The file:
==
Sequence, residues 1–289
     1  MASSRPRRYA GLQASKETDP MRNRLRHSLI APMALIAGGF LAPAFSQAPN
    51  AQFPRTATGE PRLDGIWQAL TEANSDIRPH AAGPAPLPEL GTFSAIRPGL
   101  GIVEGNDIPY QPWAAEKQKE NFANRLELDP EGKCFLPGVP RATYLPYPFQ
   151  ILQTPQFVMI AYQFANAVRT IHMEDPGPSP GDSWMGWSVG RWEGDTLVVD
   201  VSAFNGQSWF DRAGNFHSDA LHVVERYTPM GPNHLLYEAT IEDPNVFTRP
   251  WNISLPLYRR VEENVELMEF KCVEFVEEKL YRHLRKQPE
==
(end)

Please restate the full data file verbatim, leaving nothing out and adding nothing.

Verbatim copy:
Sequence, residues 1–289
     1  MASSRPRRYA GLQASKETDP MRNRLRHSLI APMALIAGGF LAPAFSQAPN
    51  AQFPRTATGE PRLDGIWQAL TEANSDIRPH AAGPAPLPEL GTFSAIRPGL
   101  GIVEGNDIPY QPWAAEKQKE NFANRLELDP EGKCFLPGVP RATYLPYPFQ
   151  ILQTPQFVMI AYQFANAVRT IHMEDPGPSP GDSWMGWSVG RWEGDTLVVD
   201  VSAFNGQSWF DRAGNFHSDA LHVVERYTPM GPNHLLYEAT IEDPNVFTRP
   251  WNISLPLYRR VEENVELMEF KCVEFVEEKL YRHLRKQPE